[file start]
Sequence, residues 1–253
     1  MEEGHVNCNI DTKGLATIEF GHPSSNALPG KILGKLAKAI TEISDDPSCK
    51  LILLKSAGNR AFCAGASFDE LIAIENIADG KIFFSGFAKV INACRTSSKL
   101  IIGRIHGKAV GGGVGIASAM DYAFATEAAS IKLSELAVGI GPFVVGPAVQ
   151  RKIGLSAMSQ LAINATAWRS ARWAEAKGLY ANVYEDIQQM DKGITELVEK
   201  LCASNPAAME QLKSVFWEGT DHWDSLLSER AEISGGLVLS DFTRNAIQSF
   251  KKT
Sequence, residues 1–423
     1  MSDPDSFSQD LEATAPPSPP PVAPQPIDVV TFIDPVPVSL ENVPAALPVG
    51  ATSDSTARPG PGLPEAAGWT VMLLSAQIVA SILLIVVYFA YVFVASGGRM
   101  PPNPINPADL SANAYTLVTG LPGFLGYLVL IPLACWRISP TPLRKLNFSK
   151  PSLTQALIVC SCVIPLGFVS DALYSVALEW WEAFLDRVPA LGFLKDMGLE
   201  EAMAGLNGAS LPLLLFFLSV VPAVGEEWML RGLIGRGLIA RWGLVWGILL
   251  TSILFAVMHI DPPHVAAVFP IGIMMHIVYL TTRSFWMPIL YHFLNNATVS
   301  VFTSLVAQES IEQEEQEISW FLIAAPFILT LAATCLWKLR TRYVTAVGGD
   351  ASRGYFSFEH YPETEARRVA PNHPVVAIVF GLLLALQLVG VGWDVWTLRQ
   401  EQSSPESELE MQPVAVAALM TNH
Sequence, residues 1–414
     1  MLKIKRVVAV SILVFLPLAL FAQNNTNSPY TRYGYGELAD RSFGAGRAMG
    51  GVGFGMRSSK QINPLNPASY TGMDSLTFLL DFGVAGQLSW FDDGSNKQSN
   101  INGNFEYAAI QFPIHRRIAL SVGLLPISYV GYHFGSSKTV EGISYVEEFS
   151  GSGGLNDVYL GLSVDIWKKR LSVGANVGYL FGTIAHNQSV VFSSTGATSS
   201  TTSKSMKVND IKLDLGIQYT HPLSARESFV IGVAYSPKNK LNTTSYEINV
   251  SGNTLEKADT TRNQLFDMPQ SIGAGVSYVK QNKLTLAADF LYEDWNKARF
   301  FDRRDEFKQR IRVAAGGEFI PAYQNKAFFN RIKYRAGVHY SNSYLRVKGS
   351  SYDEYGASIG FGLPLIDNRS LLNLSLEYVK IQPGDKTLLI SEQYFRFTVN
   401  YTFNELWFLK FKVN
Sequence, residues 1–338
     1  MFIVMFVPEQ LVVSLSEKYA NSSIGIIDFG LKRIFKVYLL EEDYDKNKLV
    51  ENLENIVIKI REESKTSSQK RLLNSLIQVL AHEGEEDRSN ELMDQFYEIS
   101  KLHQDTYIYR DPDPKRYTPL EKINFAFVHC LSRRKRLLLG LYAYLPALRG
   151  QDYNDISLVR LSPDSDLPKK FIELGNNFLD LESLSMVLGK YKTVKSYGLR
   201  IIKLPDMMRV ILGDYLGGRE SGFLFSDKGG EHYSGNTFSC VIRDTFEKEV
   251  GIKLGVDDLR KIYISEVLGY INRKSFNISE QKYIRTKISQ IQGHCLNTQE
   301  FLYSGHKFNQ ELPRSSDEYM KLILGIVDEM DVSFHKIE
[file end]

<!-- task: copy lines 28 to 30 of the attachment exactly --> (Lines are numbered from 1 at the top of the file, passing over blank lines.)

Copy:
Sequence, residues 1–338
     1  MFIVMFVPEQ LVVSLSEKYA NSSIGIIDFG LKRIFKVYLL EEDYDKNKLV
    51  ENLENIVIKI REESKTSSQK RLLNSLIQVL AHEGEEDRSN ELMDQFYEIS